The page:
When opening Axiom Coffee, Heath and Luke Miller said they designed the business to be a community “happy place.”
The brothers and co-owners of Axiom first laid the foundation for the business in 2014. Heath had worked for chain and independent coffee shops and wanted to build a concept that served more than coffee. His aim was to operate a business that also served its community, he said.
He teamed up with Luke, and the two began planning and saving for their venture. They started construction of Axiom in 2017 and officially opened the shop in November 2018.
Customers at Axiom can buy bags of coffee beans as well as hot and cold beverages, breakfast and lunch foods, and pastries and other snacks. In the future, the Millers plan to expand their offerings to include keto-friendly and gluten-free items.
Luke, who was previously in the construction business, built out Axiom’s interior. Of the shop’s 3,000 square feet, around 2,600 square feet is dedicated to seating. The brothers designed Axiom to have an upscale and open feel where community members can study or work for long periods of time without worrying about buying a drink or food.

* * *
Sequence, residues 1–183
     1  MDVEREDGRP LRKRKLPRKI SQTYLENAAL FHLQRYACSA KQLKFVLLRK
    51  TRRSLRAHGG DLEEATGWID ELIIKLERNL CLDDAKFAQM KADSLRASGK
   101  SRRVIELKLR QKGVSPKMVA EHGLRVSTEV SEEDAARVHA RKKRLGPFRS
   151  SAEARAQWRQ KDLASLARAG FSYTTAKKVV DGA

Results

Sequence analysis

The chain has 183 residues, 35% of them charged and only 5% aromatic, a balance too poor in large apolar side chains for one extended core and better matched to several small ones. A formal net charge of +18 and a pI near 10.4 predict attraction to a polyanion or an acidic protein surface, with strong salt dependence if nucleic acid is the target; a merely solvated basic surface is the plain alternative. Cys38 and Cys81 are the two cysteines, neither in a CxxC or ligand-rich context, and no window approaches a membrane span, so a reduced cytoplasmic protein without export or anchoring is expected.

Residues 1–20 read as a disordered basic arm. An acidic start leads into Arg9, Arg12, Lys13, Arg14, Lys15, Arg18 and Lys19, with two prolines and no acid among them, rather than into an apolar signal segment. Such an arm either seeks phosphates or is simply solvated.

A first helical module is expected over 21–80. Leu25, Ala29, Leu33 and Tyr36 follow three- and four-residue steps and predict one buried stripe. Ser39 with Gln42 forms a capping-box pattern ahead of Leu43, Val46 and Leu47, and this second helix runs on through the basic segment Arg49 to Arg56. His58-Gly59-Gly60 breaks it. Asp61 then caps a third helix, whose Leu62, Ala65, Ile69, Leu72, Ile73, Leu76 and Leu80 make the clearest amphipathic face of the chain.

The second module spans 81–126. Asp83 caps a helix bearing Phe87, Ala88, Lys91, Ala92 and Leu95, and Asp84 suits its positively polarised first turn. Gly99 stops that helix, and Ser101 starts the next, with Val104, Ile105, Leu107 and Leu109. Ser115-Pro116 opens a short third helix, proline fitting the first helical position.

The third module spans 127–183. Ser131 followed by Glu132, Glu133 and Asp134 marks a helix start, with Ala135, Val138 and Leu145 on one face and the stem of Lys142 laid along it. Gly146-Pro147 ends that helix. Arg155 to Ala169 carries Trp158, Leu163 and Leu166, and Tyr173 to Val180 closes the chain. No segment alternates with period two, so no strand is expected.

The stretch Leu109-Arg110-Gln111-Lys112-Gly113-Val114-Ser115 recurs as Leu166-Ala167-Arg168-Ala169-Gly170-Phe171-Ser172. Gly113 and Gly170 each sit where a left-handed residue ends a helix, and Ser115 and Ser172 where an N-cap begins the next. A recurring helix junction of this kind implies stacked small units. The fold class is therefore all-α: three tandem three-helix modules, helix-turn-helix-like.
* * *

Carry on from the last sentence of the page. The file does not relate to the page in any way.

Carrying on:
Axiom’s space is also used for events hosted by local charities and organizations, such as Community Storehouse and Sunshine Spaces.
Long term, the brothers want to provide more open space with outdoor seating and a garden.
“We wanted a place where you could meet … and it’s a step up from a place that’s loud and quick and fast,” Luke said. “We wanted to create a venue that people love.”
In addition to serving northeast Fort Worth and surrounding communities, Heath and Luke are working through Axiom to serve poor students in Honduras. Around 80% of the shop’s coffee beans are sourced from Rancho Ebenezer, a charity in Honduras that harvests and sells the beans.
Axiom Coffee buys coffee beans from Rancho Ebenezer to help fund the organization’s yearly budget. With Axiom’s support, the charity does not have to worry about fulfilling yearly sales to fund their operations, Heath said.
Proceeds from Rancho Ebenezer’s coffee sales provide housing and education through the high school level for 40 poor students.